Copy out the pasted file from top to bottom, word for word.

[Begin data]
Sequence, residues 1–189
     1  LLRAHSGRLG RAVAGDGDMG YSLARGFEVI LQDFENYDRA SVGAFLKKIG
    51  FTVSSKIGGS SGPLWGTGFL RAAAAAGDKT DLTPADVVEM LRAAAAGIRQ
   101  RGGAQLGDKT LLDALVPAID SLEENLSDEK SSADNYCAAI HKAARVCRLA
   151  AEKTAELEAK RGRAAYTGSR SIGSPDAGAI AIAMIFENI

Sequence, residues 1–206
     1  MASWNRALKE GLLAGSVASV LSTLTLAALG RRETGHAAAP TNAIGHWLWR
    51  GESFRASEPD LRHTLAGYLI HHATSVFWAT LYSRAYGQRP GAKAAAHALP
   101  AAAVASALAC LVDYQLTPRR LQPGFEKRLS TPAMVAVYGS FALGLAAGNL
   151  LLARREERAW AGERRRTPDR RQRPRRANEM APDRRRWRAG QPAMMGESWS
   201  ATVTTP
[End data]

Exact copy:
Sequence, residues 1–189
     1  LLRAHSGRLG RAVAGDGDMG YSLARGFEVI LQDFENYDRA SVGAFLKKIG
    51  FTVSSKIGGS SGPLWGTGFL RAAAAAGDKT DLTPADVVEM LRAAAAGIRQ
   101  RGGAQLGDKT LLDALVPAID SLEENLSDEK SSADNYCAAI HKAARVCRLA
   151  AEKTAELEAK RGRAAYTGSR SIGSPDAGAI AIAMIFENI

Sequence, residues 1–206
     1  MASWNRALKE GLLAGSVASV LSTLTLAALG RRETGHAAAP TNAIGHWLWR
    51  GESFRASEPD LRHTLAGYLI HHATSVFWAT LYSRAYGQRP GAKAAAHALP
   101  AAAVASALAC LVDYQLTPRR LQPGFEKRLS TPAMVAVYGS FALGLAAGNL
   151  LLARREERAW AGERRRTPDR RQRPRRANEM APDRRRWRAG QPAMMGESWS
   201  ATVTTP